Chunmei Lai, Linyan Li, Bangyue Luo, Jiangwen Shen and Jingwei Shao* Pages 2710 - 2733 ( 24 )
The in-depth intersection between nanoscience and oncology comes from the fact that nanomaterials are in a similar dimension to basic biomolecules. Drug delivery systems (DDSs), which are either targeted to a particular site or intended for the controlled release in a particular position, have been studied extensively at the nanoscale and are, by far, the most advanced technology in the area of nanoparticle applications. This, consequently lead to the improvement and development of convenient administration routes, lower toxicity, fewer side effects, and extended drug life cycle. Carbon nanomaterials (CNMs) with favorable size and unique fluorescence properties, which was considered an ideal candidate to transport or deliver therapeutic drugs to specific targets in a controlled manner. The development of DDSs based on them constitutes an interesting topic in highly effective and universal therapies to achieve better therapeutic outcomes and reduce the side effects of malignancies. In this review, the cutting-edge progress of CNMs in DDSs was comprehensively summarized. Additionally, the emphasis was placed on the applications of CNMs including fullerene, graphene, carbon nanotubes (CNTs), carbon dots (CDs), and nano-diamonds (NDs) in drug delivering. Further, we gave some insights into the future direction and foreseeable challenges of DDSs based on CNMs used in cancer therapy, which we hope these inspirations in DDSs associated with anti-cancer therapy will provide perspectives in designing new drugs for further tumor treatment.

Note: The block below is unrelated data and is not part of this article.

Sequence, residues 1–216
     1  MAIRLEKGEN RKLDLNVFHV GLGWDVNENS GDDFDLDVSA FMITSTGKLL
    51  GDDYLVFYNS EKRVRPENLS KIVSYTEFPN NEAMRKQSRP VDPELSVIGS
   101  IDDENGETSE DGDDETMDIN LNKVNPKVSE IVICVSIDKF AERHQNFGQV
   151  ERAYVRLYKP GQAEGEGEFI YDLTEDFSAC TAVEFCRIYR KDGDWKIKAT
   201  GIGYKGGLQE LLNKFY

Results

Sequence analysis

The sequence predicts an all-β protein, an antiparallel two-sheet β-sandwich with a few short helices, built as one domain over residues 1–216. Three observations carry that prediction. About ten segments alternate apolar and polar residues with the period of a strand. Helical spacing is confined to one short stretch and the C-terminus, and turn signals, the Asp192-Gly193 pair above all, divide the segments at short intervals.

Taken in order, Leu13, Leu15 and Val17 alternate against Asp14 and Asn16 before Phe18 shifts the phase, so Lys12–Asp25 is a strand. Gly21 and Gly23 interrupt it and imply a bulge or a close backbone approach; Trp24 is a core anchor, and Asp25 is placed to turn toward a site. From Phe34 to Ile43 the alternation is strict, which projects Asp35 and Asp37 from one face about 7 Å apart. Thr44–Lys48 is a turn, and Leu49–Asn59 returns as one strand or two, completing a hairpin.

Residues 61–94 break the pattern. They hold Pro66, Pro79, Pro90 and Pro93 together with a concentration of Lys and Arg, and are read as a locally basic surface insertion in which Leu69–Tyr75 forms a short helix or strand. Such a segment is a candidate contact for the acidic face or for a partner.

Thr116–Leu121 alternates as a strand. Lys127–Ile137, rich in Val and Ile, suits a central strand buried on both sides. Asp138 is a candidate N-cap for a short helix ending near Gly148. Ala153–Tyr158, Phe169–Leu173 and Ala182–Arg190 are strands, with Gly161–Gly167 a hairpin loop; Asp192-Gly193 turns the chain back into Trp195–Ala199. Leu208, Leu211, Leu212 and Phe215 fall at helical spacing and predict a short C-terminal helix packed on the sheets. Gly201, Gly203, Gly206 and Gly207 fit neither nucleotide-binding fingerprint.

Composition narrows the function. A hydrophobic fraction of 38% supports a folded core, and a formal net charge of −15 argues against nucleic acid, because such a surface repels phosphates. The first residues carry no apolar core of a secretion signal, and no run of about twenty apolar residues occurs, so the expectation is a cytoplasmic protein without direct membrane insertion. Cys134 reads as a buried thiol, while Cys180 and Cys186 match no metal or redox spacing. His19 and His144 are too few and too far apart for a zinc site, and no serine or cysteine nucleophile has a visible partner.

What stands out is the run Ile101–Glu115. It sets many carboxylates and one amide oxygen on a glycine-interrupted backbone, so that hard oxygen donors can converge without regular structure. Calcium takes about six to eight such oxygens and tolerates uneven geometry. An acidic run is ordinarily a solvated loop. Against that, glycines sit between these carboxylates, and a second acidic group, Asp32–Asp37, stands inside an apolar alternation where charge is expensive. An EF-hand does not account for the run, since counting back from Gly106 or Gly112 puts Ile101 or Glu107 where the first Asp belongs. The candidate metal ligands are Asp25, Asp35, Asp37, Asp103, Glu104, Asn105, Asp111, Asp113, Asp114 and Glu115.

Carbon nanomaterials, drug delivery, cancer treatment, nanoscience, carbon dots, nano-diamonds.